One of our more popular newspapers had a striking headline recently: ‘Now the NHS tells us: don’t get ill!’
The NHS, which celebrates its seventieth anniversary on 5th July, is potentially one of Britain’s greatest assets and should be the source of national pride.
But it is hard to be happy with a service that does not provide world-leading care for pregnant women or their ageing and enfeebled grandparents. Maternity statistics show that British results, once among the international leaders, are now around the bottom in the Western world.
Until recently, the established pattern of survival in old age was that the elderly would live longer and longer. A carefully hidden fact is that recently, in many parts of the country, this pattern has changed. No longer can grandad or grandma assume that they will do as well as their neighbours did five or ten years ago.
It is difficult to visualise how we can return to the time where British medicine was as good as anywhere (other than perhaps in America).
British medicine relied heavily on the skill of the GPs. They not only had to be medically competent at diagnosis; equally importantly, they had to be able to establish rapidly a rapport with their patients and thereafter to be at their service to provide continuity.
The GPs also needed to know and be able to evaluate the local consultants: which one was the best at dealing with a particular disease and which would relate most easily to this patient.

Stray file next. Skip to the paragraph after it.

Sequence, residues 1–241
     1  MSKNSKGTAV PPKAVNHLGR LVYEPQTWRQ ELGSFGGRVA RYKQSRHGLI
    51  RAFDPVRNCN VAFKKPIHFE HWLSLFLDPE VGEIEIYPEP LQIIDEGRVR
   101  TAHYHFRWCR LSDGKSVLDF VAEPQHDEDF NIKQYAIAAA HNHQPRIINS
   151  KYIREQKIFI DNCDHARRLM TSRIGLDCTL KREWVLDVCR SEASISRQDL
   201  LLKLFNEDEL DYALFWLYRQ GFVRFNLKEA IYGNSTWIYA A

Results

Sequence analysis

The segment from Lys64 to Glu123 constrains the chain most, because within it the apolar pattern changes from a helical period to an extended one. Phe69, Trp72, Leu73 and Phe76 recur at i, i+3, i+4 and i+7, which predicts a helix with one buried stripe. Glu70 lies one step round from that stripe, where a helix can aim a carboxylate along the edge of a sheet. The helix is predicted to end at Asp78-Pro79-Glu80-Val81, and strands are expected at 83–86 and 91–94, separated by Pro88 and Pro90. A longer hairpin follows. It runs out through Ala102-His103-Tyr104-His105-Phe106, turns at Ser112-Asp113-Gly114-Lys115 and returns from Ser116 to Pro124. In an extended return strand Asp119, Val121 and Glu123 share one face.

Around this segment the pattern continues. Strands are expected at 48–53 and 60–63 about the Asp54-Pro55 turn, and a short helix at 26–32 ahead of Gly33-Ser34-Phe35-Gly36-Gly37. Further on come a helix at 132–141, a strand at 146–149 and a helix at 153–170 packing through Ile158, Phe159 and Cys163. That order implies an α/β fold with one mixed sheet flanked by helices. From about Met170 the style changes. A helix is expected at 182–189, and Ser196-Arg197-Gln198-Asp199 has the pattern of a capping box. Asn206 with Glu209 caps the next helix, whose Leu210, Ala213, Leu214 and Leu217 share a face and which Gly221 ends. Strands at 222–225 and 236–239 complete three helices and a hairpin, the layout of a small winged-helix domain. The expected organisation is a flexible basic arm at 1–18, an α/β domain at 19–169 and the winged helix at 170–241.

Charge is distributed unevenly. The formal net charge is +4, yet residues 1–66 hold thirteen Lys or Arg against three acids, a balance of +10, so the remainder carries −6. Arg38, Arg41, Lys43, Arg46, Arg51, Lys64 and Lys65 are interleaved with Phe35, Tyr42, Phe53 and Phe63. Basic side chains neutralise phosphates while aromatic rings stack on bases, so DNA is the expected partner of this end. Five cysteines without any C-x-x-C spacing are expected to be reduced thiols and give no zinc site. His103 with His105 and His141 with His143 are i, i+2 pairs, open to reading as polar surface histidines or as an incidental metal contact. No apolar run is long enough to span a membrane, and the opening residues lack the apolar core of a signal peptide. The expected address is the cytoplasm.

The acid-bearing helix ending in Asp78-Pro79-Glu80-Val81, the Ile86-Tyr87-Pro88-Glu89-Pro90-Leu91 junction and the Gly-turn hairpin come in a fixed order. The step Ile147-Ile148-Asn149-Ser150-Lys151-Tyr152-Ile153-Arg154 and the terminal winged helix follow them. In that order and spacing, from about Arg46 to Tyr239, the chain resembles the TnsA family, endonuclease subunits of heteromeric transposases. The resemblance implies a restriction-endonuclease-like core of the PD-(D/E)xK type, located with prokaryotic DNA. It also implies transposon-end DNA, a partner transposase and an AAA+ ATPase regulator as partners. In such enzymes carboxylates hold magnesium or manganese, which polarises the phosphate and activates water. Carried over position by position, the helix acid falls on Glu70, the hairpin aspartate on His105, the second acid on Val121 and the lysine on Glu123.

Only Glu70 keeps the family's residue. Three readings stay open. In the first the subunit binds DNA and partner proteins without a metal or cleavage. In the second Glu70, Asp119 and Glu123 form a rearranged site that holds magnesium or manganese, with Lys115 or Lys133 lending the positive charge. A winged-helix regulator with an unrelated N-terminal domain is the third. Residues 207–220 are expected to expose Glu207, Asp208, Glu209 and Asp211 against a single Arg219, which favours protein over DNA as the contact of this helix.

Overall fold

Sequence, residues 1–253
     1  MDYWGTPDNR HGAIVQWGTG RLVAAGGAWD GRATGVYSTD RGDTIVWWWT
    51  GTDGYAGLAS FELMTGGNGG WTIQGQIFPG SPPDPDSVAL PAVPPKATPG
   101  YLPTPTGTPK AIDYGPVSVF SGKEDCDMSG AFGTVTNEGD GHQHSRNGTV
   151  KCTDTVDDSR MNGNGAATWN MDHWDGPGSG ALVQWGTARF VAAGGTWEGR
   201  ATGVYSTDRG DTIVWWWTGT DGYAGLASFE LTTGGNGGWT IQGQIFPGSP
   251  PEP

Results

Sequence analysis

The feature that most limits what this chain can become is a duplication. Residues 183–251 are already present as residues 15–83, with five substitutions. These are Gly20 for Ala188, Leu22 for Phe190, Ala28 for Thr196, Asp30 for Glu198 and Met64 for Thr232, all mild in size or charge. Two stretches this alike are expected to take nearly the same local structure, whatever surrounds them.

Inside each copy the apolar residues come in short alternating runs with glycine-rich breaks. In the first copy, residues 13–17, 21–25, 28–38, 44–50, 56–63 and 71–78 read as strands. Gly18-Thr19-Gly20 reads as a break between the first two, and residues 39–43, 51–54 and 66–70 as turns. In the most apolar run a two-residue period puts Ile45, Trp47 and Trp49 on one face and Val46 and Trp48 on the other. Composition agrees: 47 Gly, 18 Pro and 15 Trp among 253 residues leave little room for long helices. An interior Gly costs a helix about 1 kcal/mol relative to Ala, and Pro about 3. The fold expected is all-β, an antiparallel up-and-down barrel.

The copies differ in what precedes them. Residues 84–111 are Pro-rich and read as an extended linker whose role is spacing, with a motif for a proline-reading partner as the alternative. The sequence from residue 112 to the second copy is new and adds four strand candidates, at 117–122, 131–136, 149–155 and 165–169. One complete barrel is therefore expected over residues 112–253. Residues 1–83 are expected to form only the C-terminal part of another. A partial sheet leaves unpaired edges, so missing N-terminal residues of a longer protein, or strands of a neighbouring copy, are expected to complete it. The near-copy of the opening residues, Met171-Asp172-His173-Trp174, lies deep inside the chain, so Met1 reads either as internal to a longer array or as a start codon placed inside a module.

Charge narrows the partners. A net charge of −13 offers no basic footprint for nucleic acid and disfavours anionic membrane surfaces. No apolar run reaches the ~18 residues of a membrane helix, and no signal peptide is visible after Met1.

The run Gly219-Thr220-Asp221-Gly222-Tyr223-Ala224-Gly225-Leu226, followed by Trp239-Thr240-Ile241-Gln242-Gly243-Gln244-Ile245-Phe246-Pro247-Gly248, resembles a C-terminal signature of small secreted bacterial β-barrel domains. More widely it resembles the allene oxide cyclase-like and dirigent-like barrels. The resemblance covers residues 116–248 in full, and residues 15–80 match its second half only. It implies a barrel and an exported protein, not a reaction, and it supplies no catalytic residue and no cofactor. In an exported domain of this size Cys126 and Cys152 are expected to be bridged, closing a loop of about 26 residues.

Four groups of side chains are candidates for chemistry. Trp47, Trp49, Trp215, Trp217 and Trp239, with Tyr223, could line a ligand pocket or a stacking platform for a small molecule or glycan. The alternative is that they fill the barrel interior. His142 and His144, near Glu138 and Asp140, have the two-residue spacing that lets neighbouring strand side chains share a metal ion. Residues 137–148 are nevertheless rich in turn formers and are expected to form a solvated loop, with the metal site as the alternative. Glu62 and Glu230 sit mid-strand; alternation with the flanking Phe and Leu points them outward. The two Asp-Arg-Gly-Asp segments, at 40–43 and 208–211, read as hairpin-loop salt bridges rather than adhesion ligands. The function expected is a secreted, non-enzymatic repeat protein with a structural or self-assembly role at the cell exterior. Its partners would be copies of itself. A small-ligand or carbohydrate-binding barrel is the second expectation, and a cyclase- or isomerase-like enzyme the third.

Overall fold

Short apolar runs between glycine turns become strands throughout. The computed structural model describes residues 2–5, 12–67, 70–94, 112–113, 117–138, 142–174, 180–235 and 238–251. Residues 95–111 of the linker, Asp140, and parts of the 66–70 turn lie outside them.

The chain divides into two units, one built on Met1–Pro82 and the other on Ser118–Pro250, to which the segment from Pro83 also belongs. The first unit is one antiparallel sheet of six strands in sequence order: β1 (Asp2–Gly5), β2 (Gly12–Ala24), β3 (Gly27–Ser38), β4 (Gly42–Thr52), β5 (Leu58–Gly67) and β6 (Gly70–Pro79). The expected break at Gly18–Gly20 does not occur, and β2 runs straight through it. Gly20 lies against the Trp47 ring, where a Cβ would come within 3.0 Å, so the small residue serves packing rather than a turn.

GPs are now limited to hazardously short interviews with patients. Patients are restricted to discussing one problem; even the student in his first week or two on the ward learns that comorbidity (suffering from more than one trouble) is the rule rather than the exception in the elderly.
More dangerously, a GP now has no control over which consultant will see a patient referred to a hospital. The local GP’s knowledge of the patient’s personality, as well as their disease, is disregarded. This previous experience of the relative but necessary skills of the hospital doctor is considered immaterial.
The first reforms that must be achieved are those that involve primary care. That is where we are failing. It has been destroyed by lack of money, an obsession with political correctness, and the faulty selection of future doctors, by only choosing those with the best scientific and mathematical brains. This has resulted from the disregard for the greater personality and empathy that a less mathematically gifted rival might have had.
The doctors in my family practice – my grandfather, uncle and, by then on a part-time basis, my father – were unusual in that they all voted for the NHS.
My father, after qualifying and working in a few junior doctor posts in London, joined P&O as a ship’s doctor and worked mainly in India and the Far East. He returned to Norfolk as a GP a year or two before the First World War and left it to join the army. He stayed in the army after the Armistice until the early 1920s, when he came back to Norfolk and the family practice.
He was convinced that, in Britain, we had the finest services whether in the army, navy or in medicine. When the National Health Service was proposed, he rejoiced in the thought that we could now match the achievements of our army and navy in our civilian medical services.
As the military records receded into history after 1945, he hoped the British NHS could offer an alternative opportunity to display loyalty, self-sacrifice and efficiency by providing the best medical care in the world. This would be available for all patients, whatever their age, wherever they lived and regardless of income.
It is time we returned to this ideal, even if it means an additional tax allocated in its entirety to the NHS – and to the infirm, whether old or young.